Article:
Cookbooks and web pages appear using some font to let each word gracefully take its place. Poor font selection — the wrong style or the wrong size or the wrong color — can make reading a recipe a chore. Perhaps too much of a chore to even finish reading that recipe or to give it a try. A bad font can bury a good recipe.
Fonts are something you are probably do not think about too often. In fact, great type designers say that the best font designs are ones the reader does not notice. That sounds a bit un-egoish on their part but font designers are, by nature, most quiet men and women who relish praise from their peers but truly do want the “font” to be the most important thing on the printed page. [Yes, there are flamboyant exceptions to that modest profile, but that’s another blog].
The creation of new fonts proceeds at a breakneck face. Why do we need more? Is there really a difference between serif and sans serif. Does it all matter?
In the book Just My Type author Simon Garfield takes you on a tour of fonts from Gutenberg forward, a history that will appeal to anyone who loves the written word. Whether that word is on a printed page, a billboard, or a computer screen the fonts that are used for the message have subtle but powerful importance.
Font development can involve intense psychological and scientific testing and development. For example, the fonts used on road signs and subway stops in this country, the United Kingdom and France have all been the product of tremendous effort, with an added influence of local culture. The French, for example, turned down a great font option for their subways because it was too “British.”
Fonts are important because they make reading easier, or harder. Font size determines the length of a line and how many words can be put on that line. And studies have shown there are optimal lengths for a line to facilitate reading.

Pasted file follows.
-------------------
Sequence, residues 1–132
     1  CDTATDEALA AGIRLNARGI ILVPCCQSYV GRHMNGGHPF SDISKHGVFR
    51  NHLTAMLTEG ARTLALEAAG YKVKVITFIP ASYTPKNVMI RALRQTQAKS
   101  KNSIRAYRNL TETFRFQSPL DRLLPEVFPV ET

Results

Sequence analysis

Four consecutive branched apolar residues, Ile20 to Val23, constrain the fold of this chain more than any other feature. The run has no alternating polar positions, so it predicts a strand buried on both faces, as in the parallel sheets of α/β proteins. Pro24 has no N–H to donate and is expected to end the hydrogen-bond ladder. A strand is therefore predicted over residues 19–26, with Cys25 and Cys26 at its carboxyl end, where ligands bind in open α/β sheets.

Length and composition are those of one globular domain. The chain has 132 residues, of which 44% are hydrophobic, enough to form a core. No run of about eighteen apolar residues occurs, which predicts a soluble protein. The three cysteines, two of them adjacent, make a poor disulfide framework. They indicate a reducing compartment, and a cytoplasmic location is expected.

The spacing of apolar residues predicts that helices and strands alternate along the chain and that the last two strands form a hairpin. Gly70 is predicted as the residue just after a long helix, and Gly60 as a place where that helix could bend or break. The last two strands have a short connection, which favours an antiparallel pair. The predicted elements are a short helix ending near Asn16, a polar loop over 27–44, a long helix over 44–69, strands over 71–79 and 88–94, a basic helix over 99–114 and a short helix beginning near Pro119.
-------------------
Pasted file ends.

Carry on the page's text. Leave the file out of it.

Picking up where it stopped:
Font usage and development is dependent, in part, on history. Font progress is often a matter of evolution, rather than revolution. People are “used” to font styles and rebel if a shift is too great.
Or perhaps even if that change at first seems not too great at all. The sans serif font Future was introduced in 1927 by Paul Renner, a famous name to font addicts. An equally famous designer, Mathew Carter, introduced the font Verdana for Microsoft in 1996. Verdana, which you may have used, was meant to be a sans serif font, like Futura, but honed for small sizes on computer screens. Futura has been an institution for signage and books for over 80 years.
In 2009, Ikea switched from using Futura to Verdana in its print catalog. Their reason was to have uniformity in print and web media. The change was simply one sans serif font for another. Yet, there was a storm of resentment in the design community, one that made the pages of The New York Times. While fonts are supposed to be oblivious on the page, they inspire true passion.
You’re reading this blog now and the font is Calibri. In 2002, designer Lucas de Groot was contacted by an intermediary saying that a “big corporation” wanted a new sans serif font for their computer software products. How many “big corporations” are there in software land?
The client, of course, was Microsoft. De Groot’s lovely creation Calibri replaced Times New Roman as the default font in Microsoft Word. It replaced Arial as the default font in Excel and PowerPoint. Calibri is now the most widely used font in the world. You probably did not know that, but you also probably have seen hundreds or thousands of documents and web pages using it. Calibri has become part of the landscape of our lives and our times. When change finally comes, and it will, you just might hear about it.